According to the Chinese zodiac, 2015 was the year of the sheep, but I didn't end up eating any new lamb or mutton dishes (which is not to say that I didn't eat plenty of older ones). On the other hand, there where many brand new beef, pork, and even chicken dishes that I found captivating this past year. Here are eight meaty masterpieces for you to sink your teeth into:
The Ozersky sandwich at Parm
Dedicated to the late, great Josh Ozersky, who died in May, the sandwich sold at the Parm outpost in the Financial District is a fittingly meaty affair. Inspired by the famous roast beef and mozzarella sandwich from Fiore's in Hoboken, which Ozersky introduced the Torisi boys to, it is chock full of rare roast beef and creamy housemade mutz. I do, however, agree with my estimable colleague Robert Sietsema that along the way "they forgot the gravy."
Ssam at Oiji
East Village Korean hot spot Oiji serves a bargain-priced dish for two ($34) that is packed with flavor. This entree features sautéed gochujang pork that's aided and abetted by a separate bowl of gang-deon-jang, which Eater critic Ryan Sutton tells us contains a "flavor bomb" of "fermented soybean, anchovy stock, shiitake, beef brisket, long bean zucchini, and honey."
Wagyu Steak at Charlie Palmer Steakhouse
This A5 Kobe strip steak — which is sourced directly from Miyazaki Prefecture, Japan — is the real deal Wagyu beef of lore. And at $162 for eight ounces, it is priced accordingly. A once-in-a-lifetime dish for all but the moist well-heeled carnivores, it combines the best beef from the East with the technique and aesthetic of the American steakhouse. The meat is intensely seared, giving it a charred exterior full of snap and crunch, yielding to a voluptuous interior brimming with flavor.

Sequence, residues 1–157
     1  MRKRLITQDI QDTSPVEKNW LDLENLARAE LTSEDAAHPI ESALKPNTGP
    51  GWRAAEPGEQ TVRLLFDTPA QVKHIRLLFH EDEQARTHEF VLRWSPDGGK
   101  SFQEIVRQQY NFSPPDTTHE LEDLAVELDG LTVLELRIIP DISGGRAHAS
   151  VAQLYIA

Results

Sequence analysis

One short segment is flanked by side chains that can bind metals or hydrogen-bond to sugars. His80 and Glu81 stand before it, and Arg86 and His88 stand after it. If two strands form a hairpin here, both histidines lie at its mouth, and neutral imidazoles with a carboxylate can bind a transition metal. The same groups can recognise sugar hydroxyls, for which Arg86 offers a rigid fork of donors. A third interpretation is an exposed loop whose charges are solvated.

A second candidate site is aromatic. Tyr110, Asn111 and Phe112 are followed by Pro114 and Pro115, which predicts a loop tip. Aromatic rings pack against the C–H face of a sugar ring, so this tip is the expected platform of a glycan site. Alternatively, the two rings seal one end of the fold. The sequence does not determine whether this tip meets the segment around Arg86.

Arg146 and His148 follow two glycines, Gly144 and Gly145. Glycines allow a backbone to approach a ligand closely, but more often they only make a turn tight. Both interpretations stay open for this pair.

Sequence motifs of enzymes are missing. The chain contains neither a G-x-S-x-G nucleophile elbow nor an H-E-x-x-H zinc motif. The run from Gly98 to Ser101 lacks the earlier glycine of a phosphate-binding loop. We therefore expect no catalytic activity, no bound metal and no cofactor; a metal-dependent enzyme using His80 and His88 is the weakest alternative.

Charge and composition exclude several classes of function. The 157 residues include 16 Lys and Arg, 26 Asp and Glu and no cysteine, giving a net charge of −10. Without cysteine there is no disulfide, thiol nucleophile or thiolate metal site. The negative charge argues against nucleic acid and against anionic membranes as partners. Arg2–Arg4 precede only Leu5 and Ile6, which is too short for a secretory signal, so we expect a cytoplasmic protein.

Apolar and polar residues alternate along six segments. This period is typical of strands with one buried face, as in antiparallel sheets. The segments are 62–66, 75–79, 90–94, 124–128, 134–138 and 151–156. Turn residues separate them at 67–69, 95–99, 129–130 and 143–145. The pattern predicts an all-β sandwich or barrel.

Tebasaki Gyoza at Mu Ramen
Chef Joshua Smookler serves what is surely the world's most labor-intensive chicken wing. Involving over 20 ingredients and several days of preparation, the Tebasaki Gyoza costs $14 for two wings which, considering the effort involved and ingredients at play, not to mention the extraordinary taste, is a bargain.
The General Tso's Pig's Head at The Cannibal
The Cannibal chef Francis Derby set out to make the whole pig's head ($85) "more approachable," and at the same time "fun and interactive." To this end, he uses the flavors of the ever-popular General Tso's chicken on the whole pig's head which has been slow cooked overnight and then crisped in the oven. Served family style, you pull the head apart with chopsticks and layer the unctuous ribbons of flesh and crispy skin onto pancakes. Fun and interactive indeed.
Hanger Steak at La Gamelle
Mathieu Palombino serves a classic hanger steak ($28) doused in an earthy Bordelaise sauce at La Gamelle. Served alone it would be rich enough, but it is further elevated by the inclusion of a bone marrow pipe and some of the best pommes frites this side of France.
Cote de Boeuf at The Clocktower
While the cote de bouef is basically de rigueur for a certain type of NYC restaurant, British chef Jason Atherton's incarnation brings a few innovations to the table. The beef itself is, of course, prime beef dry aged by Pat LaFrieda that is expertly cooked. But the bone marrow au jus and the string beans dotted with foie gras add considerably to the experience. $132.
Filet for Two at Strip House
Genuine innovation in a steakhouse is a rare thing, but chef Michael Vignola's 60-ounce dry-aged bone-in filet for two ($180) is unique to the Strip House. The massive cut was devised with the help Marc Sarrazin of DeBragga butchers, and according to the chef satisfies the most vociferous ribsteak eaters.